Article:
Date(s) - 11/04/2019
3:00 pm - 5:00 pm
Categories No Categories
From text to table. Extracting information from semi-structured data
In many Digital Humanities projects, information is extracted from sources that are at best semi-structured: they often (but not always) follow an implicit pattern which can be recovered with computational means. Theatre plays are a good example: to the human eye, the alternation of speech turns (implicitly marked by new lines and speaker names) is immediately recognizable, but a computer needs explicit instructions to recover and interpret the actual structure of a document.
Making the implicit structure of documents explicit to a computer, helps us to interact with big data in more meaningful ways. For example, it enables researchers to study “who says what” in the case of theatre plays. The salon explores contexts where such enrichment of historical texts produces more valuable data–but also investigates the many hurdles. In the case of digitized sources, errors in the OCR or changes over time in the formatting of the texts. We will discuss several projects that have grappled with such data processing issues.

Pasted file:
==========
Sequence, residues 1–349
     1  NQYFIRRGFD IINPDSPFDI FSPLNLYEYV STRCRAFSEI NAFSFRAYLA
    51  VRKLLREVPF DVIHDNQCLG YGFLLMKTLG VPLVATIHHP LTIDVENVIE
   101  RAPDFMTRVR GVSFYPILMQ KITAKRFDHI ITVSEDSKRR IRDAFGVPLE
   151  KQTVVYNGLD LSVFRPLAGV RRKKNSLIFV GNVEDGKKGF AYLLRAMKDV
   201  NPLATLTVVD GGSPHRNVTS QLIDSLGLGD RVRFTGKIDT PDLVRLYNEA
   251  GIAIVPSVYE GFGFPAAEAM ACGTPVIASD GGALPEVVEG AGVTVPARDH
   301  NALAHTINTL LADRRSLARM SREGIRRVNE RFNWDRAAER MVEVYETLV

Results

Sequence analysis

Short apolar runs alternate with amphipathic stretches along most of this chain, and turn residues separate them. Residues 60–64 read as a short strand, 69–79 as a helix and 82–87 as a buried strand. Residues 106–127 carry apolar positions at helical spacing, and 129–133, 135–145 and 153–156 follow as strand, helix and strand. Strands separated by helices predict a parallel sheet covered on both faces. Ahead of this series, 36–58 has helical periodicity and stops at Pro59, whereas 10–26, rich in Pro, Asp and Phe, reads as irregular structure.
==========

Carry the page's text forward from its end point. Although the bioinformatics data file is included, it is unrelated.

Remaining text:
The CREATE Salon takes place on Thursday 11 April between 3:00-5:00pm, eLab Mediastudies (BG1 room 0,16) Turfdraagsterpad 9, 1012 XT Amsterdam, followed by drinks at Kapitein Zeppos.
- Alex Olieman will introduce waaroverheid.nl, the project, that seeks to make municipal data (e.g council meetings) more accessible via geographic and exploratory search.
- Leon van Wissen will talk about his work for the Golden Agents project in which he (re)structured and enriched person, property and geographical information from the Amsterdam City Archive’s Transport Acts (before 1811).
- Kaspar Beelen and Thunnis van Oort present the Digifil project (CLARIAH 2018), which aims to automatically extract, digitise and publish data on film screening using weekly films listings in historical newspapers (1948-1995) as the main source of information.